Yesterday Lindsey Graham, Republican Senator from South Carolina, stood up for a comprehensive fix to our badly damaged immigration system. Graham has been crafting bipartisan legislation with Senator Schumer for some time now, and details of the bill are expected soon.
Senator Graham makes the case, in an interview with Brian Goldsmith, that the frenzied attempts to define comprehensive reform as “Amnesty” are as ludicrous as the enforcement-only alternative to real reform: the dangerous (and costly) notion that we can deport or jail twelve million people– the number of unauthorized immigrants currently in the U.S.
Marc Ambinder reports for The Atlantic:
BRIAN GOLDSMITH: You’re one of the few Republicans fighting for comprehensive immigration reform, which most Republicans have called amnesty. Where do you think that stands?
SENATOR LINDSEY GRAHAM: Well I think the idea of border security as a confidence builder is the way to start. Most Americans are very practical and reasonable. They’re upset about broken borders and our out-of-control immigration system. They will buy into a comprehensive solution if we can prove to them, and only if we can prove to them, we don’t have twenty million more illegal immigrants, ten years, twenty years down the road.
And when it comes to the illegal alien population, if the definition of amnesty is you got to deport twelve million people, or put twelve million people in jail, then we’ll never have a comprehensive solution, because that’s just not workable, it’s not practical.
To me, amnesty would be forgiving people, like Ronald Reagan did, with no consequence, and not repairing the system. Amnesty is what we have today. What I would like to see is the illegal immigrant population come out of the shadows, be biometrically identified, be required to learn English, pay the fines for their crime, and get right with the law. If they want to be a citizen, get in the back of the line, not break into line.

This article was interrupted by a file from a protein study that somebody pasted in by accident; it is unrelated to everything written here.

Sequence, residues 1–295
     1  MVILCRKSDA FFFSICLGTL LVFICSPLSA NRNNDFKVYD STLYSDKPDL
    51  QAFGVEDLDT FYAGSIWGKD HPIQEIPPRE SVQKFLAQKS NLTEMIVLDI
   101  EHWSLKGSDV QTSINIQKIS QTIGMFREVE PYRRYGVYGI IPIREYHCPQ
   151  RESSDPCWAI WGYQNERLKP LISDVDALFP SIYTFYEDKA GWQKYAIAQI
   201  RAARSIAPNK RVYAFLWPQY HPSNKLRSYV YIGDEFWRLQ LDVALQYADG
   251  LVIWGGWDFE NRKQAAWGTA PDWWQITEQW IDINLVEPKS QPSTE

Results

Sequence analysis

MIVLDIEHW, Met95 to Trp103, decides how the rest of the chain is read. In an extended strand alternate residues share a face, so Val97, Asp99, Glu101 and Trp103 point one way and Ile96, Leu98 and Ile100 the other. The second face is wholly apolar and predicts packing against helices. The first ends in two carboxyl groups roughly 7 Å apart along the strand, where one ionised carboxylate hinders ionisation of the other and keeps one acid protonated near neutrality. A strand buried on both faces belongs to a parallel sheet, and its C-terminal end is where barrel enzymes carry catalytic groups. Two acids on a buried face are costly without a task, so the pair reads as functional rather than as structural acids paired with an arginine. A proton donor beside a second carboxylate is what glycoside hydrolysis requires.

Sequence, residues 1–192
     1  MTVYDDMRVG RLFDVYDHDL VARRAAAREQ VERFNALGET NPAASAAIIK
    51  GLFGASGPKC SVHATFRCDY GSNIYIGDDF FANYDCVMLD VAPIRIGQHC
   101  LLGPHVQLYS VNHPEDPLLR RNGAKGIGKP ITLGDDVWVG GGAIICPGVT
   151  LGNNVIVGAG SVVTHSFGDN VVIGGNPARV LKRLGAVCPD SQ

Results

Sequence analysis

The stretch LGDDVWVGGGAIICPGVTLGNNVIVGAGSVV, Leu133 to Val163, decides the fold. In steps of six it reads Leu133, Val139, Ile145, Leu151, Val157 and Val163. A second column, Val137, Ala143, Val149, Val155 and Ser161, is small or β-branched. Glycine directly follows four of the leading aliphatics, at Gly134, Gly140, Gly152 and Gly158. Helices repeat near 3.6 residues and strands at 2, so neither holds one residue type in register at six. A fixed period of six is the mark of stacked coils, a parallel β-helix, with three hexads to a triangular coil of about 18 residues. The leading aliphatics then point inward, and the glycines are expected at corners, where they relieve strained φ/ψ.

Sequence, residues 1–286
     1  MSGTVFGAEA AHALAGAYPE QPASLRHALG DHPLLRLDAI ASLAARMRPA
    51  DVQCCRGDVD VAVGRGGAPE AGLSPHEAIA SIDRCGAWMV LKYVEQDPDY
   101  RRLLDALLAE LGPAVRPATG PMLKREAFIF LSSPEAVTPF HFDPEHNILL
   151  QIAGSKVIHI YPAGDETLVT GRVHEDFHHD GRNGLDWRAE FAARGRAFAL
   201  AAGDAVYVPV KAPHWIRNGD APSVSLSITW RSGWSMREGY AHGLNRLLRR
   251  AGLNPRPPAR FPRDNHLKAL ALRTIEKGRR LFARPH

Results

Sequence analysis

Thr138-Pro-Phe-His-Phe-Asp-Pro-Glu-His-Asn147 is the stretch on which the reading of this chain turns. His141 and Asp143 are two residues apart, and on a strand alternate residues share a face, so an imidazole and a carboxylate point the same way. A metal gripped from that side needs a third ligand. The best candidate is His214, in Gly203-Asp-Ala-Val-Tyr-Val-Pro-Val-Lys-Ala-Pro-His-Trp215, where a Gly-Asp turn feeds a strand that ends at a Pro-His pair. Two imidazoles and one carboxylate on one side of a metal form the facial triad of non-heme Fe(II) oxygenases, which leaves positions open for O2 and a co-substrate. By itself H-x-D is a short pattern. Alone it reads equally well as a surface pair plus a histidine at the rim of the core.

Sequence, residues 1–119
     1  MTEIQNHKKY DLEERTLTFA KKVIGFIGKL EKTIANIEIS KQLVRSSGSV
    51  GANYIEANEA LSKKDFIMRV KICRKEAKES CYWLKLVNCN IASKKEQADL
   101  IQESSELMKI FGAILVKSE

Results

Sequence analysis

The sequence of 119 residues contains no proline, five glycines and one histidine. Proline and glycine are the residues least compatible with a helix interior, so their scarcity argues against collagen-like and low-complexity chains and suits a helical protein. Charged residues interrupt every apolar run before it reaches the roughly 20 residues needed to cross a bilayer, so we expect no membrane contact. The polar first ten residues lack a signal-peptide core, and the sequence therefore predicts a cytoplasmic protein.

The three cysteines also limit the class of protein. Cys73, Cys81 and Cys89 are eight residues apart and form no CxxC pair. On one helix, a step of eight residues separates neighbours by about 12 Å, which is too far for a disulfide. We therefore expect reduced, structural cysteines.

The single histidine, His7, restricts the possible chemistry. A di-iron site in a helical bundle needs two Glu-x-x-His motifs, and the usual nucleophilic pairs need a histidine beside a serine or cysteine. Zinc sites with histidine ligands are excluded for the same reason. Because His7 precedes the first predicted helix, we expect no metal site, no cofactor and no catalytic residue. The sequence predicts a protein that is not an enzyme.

And to my Republican colleagues, I can understand the politics of this is difficult. Big things are hard to do. But I believe in 2008, we lost a lot of ground with the Hispanic community because of the rhetoric and the tone we set on immigration.
The cost of deporting these 12 million unauthorized immigrants has been pegged at anywhere from $100 billion (an estimate by ICE, Immigration Customs and Enforcement) to $230 billion dollars over 5 years (according to a Center for American Progress analysis cited in the Washington Post), with a loss of 2.6 billion to our GDP. On the other hand, new studies show that immigration reform would bring about a $1.5 trillion boon to our economy.
Markos Moulitsas, founder of the progressive political blog Daily Kos, argues in “Immigration reform would be good for the economy:”
Anti-immigrant forces are hoping the bad economy gives them ammo to scuttle the common-sense legalization of 10-15 million undocumented workers in this country. The thinking goes, since so many Americans have no jobs, there would be little appetite to grant “illegals” the right to stay and work.
That may have some rhetorical power, even if few Americans are lining up to work in slaughterhouses or as day laborers. But fact is, normalizing their status would be a huge boost to the economy.
Bottom line is that the Senator is right: when it comes to immigration reform, we can’t afford to wait. Or to take the simplistic “No Amnesty!” bait.